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With four giant reel-to-reel audio tape recorders behind it on stage, Open Reel Ensemble could almost be mistaken for a Japanese version of Kraftwerk.

The five members of the group want to expand the instrumental possibilities of the recorders, which are only really meant to record sound and play it back.

“I was fascinated by how cool these machines look. I knew about cassettes, but to me these were like the boss of all recorders,” says project mastermind Ei Wada.

In another group’s hands it’s a task that could spiral down a hole of experimental noise, but Open Reel Ensemble keeps its output light and accessible.

“We’re interested in mixing both pop and experimental sounds,” Wada says. “That way, rather than just slotting neatly into either of those genres, the possibilities could multiply.”

Wada, a composer and programmer, founded Open Reel Ensemble with his Tama Art University classmate Kimitoshi Sato in 2009. They came up with the idea of playing music using the recorders for a class activity and were later joined by violinist Takumi Namba, percussionist Haruka Yoshida and his brother, bassist Masaru Yoshida. The Yoshidas and Wada have been friends for a long time, so Haruka wasn’t too surprised when he first heard about the idea for the band.

“I knew (Wada) had had the recorder since junior high school,” Haruka says. “And then we started playing around with it after forming a folk-music group in high school.”

The members of Open Reel Ensemble all have different taste in music (Masaru was the original bassist for rock group Okamoto’s), but Wada says the group’s core influences come from Germany, specifically the sounds of late 1960s and early ’70s Krautrock. As a result, the band’s eponymous debut album sounds mechanical, but its newly released second album, “Vocal Code,” ditches the robotic vibe for a warmer, more pop-sounding atmosphere.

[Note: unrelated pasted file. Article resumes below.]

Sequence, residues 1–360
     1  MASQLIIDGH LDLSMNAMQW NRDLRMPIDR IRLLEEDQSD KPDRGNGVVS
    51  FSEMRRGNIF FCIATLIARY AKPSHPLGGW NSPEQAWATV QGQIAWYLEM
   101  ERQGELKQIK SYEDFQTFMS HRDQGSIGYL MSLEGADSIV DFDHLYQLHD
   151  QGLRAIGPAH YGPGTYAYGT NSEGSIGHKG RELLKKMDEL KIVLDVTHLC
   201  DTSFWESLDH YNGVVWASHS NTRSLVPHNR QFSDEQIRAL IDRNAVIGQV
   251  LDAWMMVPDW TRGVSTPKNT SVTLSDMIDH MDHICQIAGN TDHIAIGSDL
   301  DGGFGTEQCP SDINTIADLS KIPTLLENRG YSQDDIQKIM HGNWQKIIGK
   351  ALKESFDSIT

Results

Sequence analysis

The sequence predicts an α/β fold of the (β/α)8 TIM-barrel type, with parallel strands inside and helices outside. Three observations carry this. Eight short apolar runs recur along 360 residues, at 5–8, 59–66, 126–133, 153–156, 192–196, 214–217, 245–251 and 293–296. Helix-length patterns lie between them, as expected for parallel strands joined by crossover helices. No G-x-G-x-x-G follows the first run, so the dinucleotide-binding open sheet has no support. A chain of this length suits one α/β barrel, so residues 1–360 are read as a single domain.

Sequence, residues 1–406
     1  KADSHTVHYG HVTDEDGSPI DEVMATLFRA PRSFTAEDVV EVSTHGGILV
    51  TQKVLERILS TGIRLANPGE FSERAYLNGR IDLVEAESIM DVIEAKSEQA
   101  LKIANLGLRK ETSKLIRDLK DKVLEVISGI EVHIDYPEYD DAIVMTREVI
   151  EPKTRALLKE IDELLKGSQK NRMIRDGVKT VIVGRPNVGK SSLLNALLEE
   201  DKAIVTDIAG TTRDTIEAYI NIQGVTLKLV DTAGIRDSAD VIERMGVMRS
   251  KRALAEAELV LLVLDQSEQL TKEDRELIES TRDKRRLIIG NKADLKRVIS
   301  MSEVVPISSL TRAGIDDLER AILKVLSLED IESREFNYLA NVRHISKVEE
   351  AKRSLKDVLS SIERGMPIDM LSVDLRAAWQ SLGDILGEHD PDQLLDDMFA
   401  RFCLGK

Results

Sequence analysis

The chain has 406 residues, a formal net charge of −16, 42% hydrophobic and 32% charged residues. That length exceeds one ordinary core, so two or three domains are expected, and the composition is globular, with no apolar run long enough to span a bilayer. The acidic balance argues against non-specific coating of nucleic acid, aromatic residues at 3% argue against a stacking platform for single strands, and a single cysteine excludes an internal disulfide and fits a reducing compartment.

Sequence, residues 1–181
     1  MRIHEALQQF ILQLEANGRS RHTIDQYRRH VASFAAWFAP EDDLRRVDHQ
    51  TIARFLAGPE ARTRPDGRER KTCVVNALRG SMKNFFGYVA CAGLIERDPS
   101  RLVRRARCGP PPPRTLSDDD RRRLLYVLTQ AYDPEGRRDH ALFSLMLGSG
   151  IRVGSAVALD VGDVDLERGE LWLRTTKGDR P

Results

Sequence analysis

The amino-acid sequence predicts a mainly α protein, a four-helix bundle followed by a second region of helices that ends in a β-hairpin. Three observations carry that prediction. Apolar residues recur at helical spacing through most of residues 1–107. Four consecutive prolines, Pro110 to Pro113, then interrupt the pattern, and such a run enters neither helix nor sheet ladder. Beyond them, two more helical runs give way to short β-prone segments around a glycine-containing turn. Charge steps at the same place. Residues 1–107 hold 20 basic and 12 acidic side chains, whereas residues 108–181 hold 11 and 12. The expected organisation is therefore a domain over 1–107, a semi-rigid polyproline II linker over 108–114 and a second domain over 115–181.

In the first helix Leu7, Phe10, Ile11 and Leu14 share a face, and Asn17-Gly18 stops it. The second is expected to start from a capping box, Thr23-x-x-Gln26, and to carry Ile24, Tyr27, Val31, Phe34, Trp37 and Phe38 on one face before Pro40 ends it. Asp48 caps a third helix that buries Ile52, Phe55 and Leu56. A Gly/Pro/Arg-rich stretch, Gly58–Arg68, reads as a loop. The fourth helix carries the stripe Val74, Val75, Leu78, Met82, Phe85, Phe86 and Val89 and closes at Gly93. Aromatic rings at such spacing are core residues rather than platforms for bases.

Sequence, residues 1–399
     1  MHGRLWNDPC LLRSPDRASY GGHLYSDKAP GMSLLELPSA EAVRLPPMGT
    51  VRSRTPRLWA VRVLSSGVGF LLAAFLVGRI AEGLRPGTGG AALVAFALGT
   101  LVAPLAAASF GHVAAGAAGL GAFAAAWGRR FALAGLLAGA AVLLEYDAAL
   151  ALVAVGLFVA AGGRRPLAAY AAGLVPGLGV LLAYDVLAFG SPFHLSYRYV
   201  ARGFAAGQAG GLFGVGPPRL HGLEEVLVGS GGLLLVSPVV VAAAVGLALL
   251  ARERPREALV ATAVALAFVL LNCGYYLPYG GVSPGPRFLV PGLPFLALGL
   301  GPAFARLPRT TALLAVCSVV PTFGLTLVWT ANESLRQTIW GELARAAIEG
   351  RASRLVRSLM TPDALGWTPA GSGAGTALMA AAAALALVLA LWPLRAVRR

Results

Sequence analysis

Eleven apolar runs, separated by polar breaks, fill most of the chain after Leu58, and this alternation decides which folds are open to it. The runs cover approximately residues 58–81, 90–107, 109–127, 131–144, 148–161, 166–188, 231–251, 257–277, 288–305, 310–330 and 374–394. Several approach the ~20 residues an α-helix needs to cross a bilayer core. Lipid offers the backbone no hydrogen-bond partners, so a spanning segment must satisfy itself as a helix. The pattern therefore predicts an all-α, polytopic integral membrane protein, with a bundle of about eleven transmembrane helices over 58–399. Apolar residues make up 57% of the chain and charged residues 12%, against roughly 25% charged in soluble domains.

“The album’s title comes from the (English term) ‘vocal cords,’ ” Wada says, “because we recorded the vocals of the guest singers and then encoded them as samples, processing them through the reel-to-reel tape recorder.”

The album’s six guest vocalists — actor Shota Mori, singer-songwriter Tavito Nanao, theater group Crewimburnny, performer Ayaka Kanda, Jan from rock band Great3 and pop singer Babi — where chosen specifically to match the storylines of the protagonists on each of the songs they appeared on.

Album opener “Kaettekita Rakuen” (“The Return of Paradise”) is the band’s own sequel to the 1967 Folk Crusaders’ track “Kaettekita Yopparai” (“The Return of a Drunken Man”), which also used a reel-to-reel tape recorder in its production. The Open Reel Ensemble version follows the rotation speed of the original version, but Mori’s vocals are shifted to a higher pitch. This produces a comical effect when combined with lyrics that depict a lonely old man down on his luck.

“Instead of doing a cover, we decided to honor the original by creating a sequel,” Masaru says.

Wada adds, “I don’t know if I’m supposed to say this, but Mori is a single, balding guy in his mid-30s — he totally matched the character of the song.”

Open Reel Ensemble is set to embark on a nationwide tour in support of “Vocal Code” and in addition to its performances, the band plans on holding a workshop in Nagoya as a way to teach people about reel-to-reel recorders.

“We’re horrible teachers, though,” Masaru says with a laugh. “I hope we don’t show them the wrong way to use the recorder.”

The Nagoya workshop takes place Sept. 12 and the band plans to set it to a high school sports festival theme, which could mean competitions and quizzes.

“What these recorders can do may seem limited,” Wada says, “but through performances and workshops, we hope we can teach people about all the fun things they can do with them.”

“Vocal Code” is in stores now. Open Reel Ensemble plays Club Metro in Kyoto on Sept. 10 (8 p.m. start; ¥3,000 in advance; 075-752-4765); Osu Engeijo in Nagoya on Sept. 13 (4 p.m.; ¥3,500 in adv.; 052-222-0428); Circus in Osaka on Sept. 15 (7 p.m.; ¥3,000 in adv.; 06-6241-3822) Shibuya 7th Floor in Tokyo on Sept. 20 (2 p.m., 6:30 p.m.; ¥3,500 in adv.; 03-3462-4466); and Graf in Hakata on Sept. 30 (7 p.m.; ¥2,800 in adv.; 092-733-1199). For information, additional concert dates and details about the workshop being held in Nagoya, visit www.steamblue.net.

In line with COVID-19 guidelines, the government is strongly requesting that residents and visitors exercise caution if they choose to visit bars, restaurants, music venues and other public spaces.

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